Population genomics confirms acquisition of drug-resistant Aspergillus fumigatus infection by humans from the environment

Johanna Rhodes, Alireza Abdolrasouli, Katie Dunne, Thomas R Sewell, Yuyi Zhang, Eloise Ballard, Amelie P Brackin, Norman van Rhijn, Harry Chown, Alexandra Tsitsopoulou, Raquel B Posso, Sanjay H Chotirmall, Noel G McElvaney, Philip G Murphy, Alida Fe Talento, Julie Renwick, Paul S Dyer, Adrien Szekely, Paul Bowyer, Michael J BromleyElizabeth M Johnson, P Lewis White, Adilia Warris, Richard C Barton, Silke Schelenz, Thomas R Rogers, Darius Armstrong-James, Matthew C Fisher

Research output: Contribution to journalArticlepeer-review


Infections caused by the fungal pathogen Aspergillus fumigatus are increasingly resistant to first-line azole antifungal drugs. However, despite its clinical importance, little is known about how susceptible patients acquire infection from drug-resistant genotypes in the environment. Here, we present a population genomic analysis of 218 A. fumigatus isolates from across the UK and Ireland (comprising 153 clinical isolates from 143 patients and 65 environmental isolates). First, phylogenomic analysis shows strong genetic structuring into two clades (A and B) with little interclade recombination and the majority of environmental azole resistance found within clade A. Second, we show occurrences where azole-resistant isolates of near-identical genotypes were obtained from both environmental and clinical sources, indicating with high confidence the infection of patients with resistant isolates transmitted from the environment. Third, genome-wide scans identified selective sweeps across multiple regions indicating a polygenic basis to the trait in some genetic backgrounds. These signatures of positive selection are seen for loci containing the canonical genes encoding fungicide resistance in the ergosterol biosynthetic pathway, while other regions under selection have no defined function. Lastly, pan-genome analysis identified genes linked to azole resistance and previously unknown resistance mechanisms. Understanding the environmental drivers and genetic basis of evolving fungal drug resistance needs urgent attention, especially in light of increasing numbers of patients with severe viral respiratory tract infections who are susceptible to opportunistic fungal superinfections.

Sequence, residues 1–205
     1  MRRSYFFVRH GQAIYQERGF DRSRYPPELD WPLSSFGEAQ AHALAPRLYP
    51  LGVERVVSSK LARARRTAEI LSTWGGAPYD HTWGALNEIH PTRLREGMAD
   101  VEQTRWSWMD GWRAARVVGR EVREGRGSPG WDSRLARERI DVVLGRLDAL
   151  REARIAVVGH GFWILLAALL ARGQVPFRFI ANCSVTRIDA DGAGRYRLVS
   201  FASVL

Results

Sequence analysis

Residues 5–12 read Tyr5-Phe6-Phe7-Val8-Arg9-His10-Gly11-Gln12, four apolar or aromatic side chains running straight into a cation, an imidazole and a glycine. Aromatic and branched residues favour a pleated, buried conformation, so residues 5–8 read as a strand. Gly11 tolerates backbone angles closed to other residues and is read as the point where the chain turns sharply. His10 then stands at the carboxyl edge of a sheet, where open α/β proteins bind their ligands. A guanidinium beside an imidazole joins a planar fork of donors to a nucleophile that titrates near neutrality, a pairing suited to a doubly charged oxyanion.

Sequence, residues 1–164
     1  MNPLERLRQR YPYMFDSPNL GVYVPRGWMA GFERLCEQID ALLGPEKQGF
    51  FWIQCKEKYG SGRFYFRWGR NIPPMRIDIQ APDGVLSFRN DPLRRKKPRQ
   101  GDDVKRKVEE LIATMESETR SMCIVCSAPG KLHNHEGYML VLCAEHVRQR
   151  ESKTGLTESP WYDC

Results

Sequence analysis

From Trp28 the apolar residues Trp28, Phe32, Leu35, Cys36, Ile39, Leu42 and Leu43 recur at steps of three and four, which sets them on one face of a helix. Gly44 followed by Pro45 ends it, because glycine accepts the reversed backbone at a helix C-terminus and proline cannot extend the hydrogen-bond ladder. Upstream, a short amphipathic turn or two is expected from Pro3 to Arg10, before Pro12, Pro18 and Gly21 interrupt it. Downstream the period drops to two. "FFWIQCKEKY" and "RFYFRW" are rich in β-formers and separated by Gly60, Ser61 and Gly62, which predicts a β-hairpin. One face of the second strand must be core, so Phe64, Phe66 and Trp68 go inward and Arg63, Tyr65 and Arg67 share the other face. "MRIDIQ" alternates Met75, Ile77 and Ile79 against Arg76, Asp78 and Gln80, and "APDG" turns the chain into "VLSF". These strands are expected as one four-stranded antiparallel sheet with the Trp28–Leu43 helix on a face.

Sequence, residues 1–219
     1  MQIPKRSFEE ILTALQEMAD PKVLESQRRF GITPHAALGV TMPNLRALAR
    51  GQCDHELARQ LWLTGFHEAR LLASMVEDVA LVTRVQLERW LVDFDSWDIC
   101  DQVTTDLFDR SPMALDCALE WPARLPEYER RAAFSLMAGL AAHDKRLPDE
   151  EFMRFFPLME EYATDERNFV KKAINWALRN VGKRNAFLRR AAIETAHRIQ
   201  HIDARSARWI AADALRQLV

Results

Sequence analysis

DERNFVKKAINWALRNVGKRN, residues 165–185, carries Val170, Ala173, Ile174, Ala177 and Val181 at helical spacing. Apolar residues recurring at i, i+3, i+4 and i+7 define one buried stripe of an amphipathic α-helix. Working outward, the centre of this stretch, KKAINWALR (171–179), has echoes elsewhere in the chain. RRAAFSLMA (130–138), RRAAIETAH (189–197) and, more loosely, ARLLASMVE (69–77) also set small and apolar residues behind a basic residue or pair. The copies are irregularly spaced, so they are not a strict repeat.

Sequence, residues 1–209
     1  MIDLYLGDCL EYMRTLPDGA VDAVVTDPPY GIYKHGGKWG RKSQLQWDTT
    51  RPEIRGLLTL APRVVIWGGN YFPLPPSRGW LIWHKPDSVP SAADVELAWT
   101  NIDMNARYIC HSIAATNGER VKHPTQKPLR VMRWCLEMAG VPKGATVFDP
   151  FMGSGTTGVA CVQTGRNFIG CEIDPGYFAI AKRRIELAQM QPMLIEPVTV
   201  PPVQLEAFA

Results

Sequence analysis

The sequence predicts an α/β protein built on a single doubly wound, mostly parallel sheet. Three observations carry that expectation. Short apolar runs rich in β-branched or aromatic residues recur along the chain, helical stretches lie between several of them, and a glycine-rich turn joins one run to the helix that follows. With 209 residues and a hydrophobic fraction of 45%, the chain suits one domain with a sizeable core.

Original languageEnglish
Pages (from-to)663-674
Number of pages12
JournalNature Microbiology
Issue number5
Publication statusPublished - May 2022


  • Anti-Infective Agents
  • Aspergillus fumigatus/genetics
  • Azoles/pharmacology
  • Drug Resistance, Fungal/genetics
  • Humans
  • Metagenomics
  • Microbial Sensitivity Tests


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